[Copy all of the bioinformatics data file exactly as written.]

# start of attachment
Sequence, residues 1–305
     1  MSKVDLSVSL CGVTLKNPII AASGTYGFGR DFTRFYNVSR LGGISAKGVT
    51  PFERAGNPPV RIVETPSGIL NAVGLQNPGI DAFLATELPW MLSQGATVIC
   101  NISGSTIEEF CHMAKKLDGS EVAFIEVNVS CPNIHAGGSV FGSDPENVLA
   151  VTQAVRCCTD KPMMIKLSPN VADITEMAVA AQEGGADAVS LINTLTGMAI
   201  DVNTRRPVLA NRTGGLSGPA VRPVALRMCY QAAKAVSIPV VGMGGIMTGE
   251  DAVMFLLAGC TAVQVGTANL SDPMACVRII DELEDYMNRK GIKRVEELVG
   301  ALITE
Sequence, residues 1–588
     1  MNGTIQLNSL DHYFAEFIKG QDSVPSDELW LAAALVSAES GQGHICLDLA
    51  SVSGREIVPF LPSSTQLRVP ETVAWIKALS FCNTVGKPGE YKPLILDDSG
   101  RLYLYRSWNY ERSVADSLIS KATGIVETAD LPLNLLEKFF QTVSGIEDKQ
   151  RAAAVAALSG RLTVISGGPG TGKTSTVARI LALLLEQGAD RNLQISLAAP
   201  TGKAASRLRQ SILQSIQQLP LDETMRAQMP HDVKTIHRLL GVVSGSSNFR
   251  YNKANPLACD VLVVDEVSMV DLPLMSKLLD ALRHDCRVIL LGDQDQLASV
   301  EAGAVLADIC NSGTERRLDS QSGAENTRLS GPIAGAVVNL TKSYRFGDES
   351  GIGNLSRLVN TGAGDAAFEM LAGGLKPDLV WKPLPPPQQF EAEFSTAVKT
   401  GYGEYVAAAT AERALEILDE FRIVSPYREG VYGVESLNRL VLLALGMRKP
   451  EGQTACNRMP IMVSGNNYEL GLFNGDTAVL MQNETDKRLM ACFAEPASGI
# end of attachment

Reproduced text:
Sequence, residues 1–305
     1  MSKVDLSVSL CGVTLKNPII AASGTYGFGR DFTRFYNVSR LGGISAKGVT
    51  PFERAGNPPV RIVETPSGIL NAVGLQNPGI DAFLATELPW MLSQGATVIC
   101  NISGSTIEEF CHMAKKLDGS EVAFIEVNVS CPNIHAGGSV FGSDPENVLA
   151  VTQAVRCCTD KPMMIKLSPN VADITEMAVA AQEGGADAVS LINTLTGMAI
   201  DVNTRRPVLA NRTGGLSGPA VRPVALRMCY QAAKAVSIPV VGMGGIMTGE
   251  DAVMFLLAGC TAVQVGTANL SDPMACVRII DELEDYMNRK GIKRVEELVG
   301  ALITE
Sequence, residues 1–588
     1  MNGTIQLNSL DHYFAEFIKG QDSVPSDELW LAAALVSAES GQGHICLDLA
    51  SVSGREIVPF LPSSTQLRVP ETVAWIKALS FCNTVGKPGE YKPLILDDSG
   101  RLYLYRSWNY ERSVADSLIS KATGIVETAD LPLNLLEKFF QTVSGIEDKQ
   151  RAAAVAALSG RLTVISGGPG TGKTSTVARI LALLLEQGAD RNLQISLAAP
   201  TGKAASRLRQ SILQSIQQLP LDETMRAQMP HDVKTIHRLL GVVSGSSNFR
   251  YNKANPLACD VLVVDEVSMV DLPLMSKLLD ALRHDCRVIL LGDQDQLASV
   301  EAGAVLADIC NSGTERRLDS QSGAENTRLS GPIAGAVVNL TKSYRFGDES
   351  GIGNLSRLVN TGAGDAAFEM LAGGLKPDLV WKPLPPPQQF EAEFSTAVKT
   401  GYGEYVAAAT AERALEILDE FRIVSPYREG VYGVESLNRL VLLALGMRKP
   451  EGQTACNRMP IMVSGNNYEL GLFNGDTAVL MQNETDKRLM ACFAEPASGI